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Strike ballots show willingness to fight
BRITISH AIRWAYS (BA) cabin crew have voted overwhelmingly to take strike action. The Transport and General Workers Union (TGWU) has planned three days of strike action by the cabin crew from Monday 29 to Wednesday 31 January to be followed up by two more lots of three day strikes in February.
What stands out particularly is that the majority for strike action was 96% on an 80% turnout. The TGWU represents around 11,000 of the 14,000-strong cabin crew, and will probably have the support of nearly all the cabin staff once the strike starts. The bosses of BA have obviously been shocked by this level of support and have applied to ACAS, the conciliation service, to come in and adjudicate to stop the strike.
Support for strike action
Similar levels of support for strike action are increasingly becoming the norm amongst other groups of workers as well. For example, PCS union members working for the multinational information technology company Electronic Data Systems have voted by 93% to come out on strike on 31 January.
Workers in London Underground and rail signallers in the North West have also voted heavily in favour of strike action. The PCS has mobilised its members in defence of jobs, services and pay for national strike action on 31 January (see reports, pages 1 and 3).
All these votes for strike action indicate increased anger and willingness to struggle amongst workers and if the action comes to pass, could be the beginnings of a year of great discontent in workplaces across Britain.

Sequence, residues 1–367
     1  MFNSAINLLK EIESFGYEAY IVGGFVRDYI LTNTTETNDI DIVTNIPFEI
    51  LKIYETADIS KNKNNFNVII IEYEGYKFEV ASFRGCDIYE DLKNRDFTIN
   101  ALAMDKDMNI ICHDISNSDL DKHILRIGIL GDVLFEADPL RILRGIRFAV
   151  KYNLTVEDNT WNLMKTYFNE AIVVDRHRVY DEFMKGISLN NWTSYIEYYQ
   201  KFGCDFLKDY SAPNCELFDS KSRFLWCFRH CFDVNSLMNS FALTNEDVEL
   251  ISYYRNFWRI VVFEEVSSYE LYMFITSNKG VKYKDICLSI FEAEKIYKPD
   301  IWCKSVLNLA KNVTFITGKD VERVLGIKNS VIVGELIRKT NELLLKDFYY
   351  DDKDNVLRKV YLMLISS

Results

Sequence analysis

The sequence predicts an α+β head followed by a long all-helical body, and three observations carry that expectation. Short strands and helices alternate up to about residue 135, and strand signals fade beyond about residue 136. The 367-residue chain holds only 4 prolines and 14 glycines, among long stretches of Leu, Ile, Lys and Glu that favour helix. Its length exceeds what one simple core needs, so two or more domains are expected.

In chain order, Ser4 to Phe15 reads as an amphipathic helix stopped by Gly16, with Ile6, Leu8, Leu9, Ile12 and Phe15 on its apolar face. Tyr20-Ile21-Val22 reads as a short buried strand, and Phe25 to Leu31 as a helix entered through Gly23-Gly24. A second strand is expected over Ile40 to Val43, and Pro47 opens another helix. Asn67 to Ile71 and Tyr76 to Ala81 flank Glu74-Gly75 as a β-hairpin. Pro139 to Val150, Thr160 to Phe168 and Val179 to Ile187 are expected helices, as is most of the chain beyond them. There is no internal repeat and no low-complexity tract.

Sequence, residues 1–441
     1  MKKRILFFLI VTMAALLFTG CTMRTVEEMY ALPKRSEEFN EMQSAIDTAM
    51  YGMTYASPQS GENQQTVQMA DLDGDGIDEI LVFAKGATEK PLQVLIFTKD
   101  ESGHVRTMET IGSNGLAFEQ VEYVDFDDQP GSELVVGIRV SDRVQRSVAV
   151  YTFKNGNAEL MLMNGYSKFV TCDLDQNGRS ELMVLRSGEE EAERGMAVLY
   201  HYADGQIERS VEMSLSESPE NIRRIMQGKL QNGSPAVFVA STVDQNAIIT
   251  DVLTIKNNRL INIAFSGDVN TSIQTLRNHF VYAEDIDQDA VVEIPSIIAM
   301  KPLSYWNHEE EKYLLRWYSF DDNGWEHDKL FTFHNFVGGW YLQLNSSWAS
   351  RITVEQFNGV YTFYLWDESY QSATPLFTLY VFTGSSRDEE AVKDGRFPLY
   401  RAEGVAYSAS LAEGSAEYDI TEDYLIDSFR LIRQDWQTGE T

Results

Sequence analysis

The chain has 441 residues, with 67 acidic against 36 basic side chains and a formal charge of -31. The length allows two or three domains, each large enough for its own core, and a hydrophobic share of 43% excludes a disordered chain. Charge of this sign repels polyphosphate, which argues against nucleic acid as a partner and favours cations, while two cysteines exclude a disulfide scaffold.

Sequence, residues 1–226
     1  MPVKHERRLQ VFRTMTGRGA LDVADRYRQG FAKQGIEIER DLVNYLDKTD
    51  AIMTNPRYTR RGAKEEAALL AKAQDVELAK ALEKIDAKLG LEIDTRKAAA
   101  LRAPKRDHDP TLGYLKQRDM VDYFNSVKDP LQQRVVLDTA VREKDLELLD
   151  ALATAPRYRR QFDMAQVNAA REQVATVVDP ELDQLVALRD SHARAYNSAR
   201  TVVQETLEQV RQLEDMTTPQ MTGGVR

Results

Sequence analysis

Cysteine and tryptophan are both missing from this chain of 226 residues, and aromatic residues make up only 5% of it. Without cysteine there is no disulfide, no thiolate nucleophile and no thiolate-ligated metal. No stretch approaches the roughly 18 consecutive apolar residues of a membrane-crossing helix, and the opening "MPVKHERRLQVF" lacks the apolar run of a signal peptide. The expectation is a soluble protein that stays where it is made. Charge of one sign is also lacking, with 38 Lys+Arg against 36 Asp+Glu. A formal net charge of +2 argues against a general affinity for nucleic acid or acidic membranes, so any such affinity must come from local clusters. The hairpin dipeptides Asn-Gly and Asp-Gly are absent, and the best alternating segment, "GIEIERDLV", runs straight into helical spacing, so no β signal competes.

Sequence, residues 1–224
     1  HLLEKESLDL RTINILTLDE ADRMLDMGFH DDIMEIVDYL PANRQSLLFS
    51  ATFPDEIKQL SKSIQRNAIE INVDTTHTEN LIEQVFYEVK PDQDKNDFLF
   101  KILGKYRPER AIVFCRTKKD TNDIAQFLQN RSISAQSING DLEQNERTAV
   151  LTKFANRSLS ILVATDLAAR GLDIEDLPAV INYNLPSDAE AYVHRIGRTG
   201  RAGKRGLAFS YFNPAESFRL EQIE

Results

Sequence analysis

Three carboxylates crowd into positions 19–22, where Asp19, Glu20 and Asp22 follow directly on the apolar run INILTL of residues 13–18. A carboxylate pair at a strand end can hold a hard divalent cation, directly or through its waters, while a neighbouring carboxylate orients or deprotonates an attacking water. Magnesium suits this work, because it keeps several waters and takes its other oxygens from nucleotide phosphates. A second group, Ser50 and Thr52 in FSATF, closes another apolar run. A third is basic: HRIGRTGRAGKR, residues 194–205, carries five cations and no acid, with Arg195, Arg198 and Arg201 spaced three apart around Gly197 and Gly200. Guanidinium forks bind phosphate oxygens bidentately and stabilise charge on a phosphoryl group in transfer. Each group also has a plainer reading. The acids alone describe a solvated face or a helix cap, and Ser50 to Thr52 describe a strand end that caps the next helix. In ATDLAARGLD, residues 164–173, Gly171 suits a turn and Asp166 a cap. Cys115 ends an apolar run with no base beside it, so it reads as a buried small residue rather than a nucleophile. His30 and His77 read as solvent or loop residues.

Willie Walsh, the boss of British Airways, was noticeably less belligerent than he normally is when he appeared on television. Walsh was brought in to carry through 20% job cuts as the company prepares for its move to the giant new Terminal Five building at Heathrow Airport.
The immediate cause of the potential strike is the anger that BA cabin crew feel about the measures taken by Walsh against them, including forcing them to report for work even if they are sick. They are also angry about pay differentials and an attack on their pensions.
For the BA bosses this strike could not happen at a worse time. They had to cancel 800 flights just before Christmas because of fog. A strike would cost them millions of pounds just as the unofficial strike in the summer of 2005 did when baggage handlers came out in solidarity with the sacked Gate Gourmet workers.
That strike cost them £62 million and saw 1,000 aircraft grounded with 100,000 passengers unable to get their flights across the globe.
Despite this, BA shares rose 75% last year and BA is seen as "one of the most profitable carriers" (Financial Times 22 January 2007). This has been brought about at the expense of the BA workers who have seen their conditions get worse and worse under Willie Walsh.
The present clear stand of the cabin crew could bring about a victory for them if the TGWU leaders also stand firm. To strengthen their position further, a united fight-back across BA against all attacks on pay and conditions involving the GMB union (whose members have just rejected the pensions deal done by their leadership) and Amicus as well as the TGWU is necessary.
Pressure has been applied on all BA workers to accept worse conditions, including the new sickness rules, and as the cabin crew vote fully demonstrated, there is a massive degree of readiness among the airline's workers to take action if their union leaders seize the opportunity.
In The Socialist 25 January 2007:
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